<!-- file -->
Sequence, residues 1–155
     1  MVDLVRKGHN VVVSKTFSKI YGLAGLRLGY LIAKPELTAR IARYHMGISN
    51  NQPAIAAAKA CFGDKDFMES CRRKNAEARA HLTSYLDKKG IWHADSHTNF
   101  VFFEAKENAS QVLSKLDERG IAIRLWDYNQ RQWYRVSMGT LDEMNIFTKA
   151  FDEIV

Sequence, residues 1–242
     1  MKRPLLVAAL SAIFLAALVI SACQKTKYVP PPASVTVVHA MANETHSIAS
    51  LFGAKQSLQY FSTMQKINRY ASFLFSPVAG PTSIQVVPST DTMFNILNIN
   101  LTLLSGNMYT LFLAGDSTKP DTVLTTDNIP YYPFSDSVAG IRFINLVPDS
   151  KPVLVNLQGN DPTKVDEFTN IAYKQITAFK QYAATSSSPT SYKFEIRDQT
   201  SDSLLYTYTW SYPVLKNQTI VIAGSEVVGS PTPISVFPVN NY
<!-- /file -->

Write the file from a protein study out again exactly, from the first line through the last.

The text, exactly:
Sequence, residues 1–155
     1  MVDLVRKGHN VVVSKTFSKI YGLAGLRLGY LIAKPELTAR IARYHMGISN
    51  NQPAIAAAKA CFGDKDFMES CRRKNAEARA HLTSYLDKKG IWHADSHTNF
   101  VFFEAKENAS QVLSKLDERG IAIRLWDYNQ RQWYRVSMGT LDEMNIFTKA
   151  FDEIV

Sequence, residues 1–242
     1  MKRPLLVAAL SAIFLAALVI SACQKTKYVP PPASVTVVHA MANETHSIAS
    51  LFGAKQSLQY FSTMQKINRY ASFLFSPVAG PTSIQVVPST DTMFNILNIN
   101  LTLLSGNMYT LFLAGDSTKP DTVLTTDNIP YYPFSDSVAG IRFINLVPDS
   151  KPVLVNLQGN DPTKVDEFTN IAYKQITAFK QYAATSSSPT SYKFEIRDQT
   201  SDSLLYTYTW SYPVLKNQTI VIAGSEVVGS PTPISVFPVN NY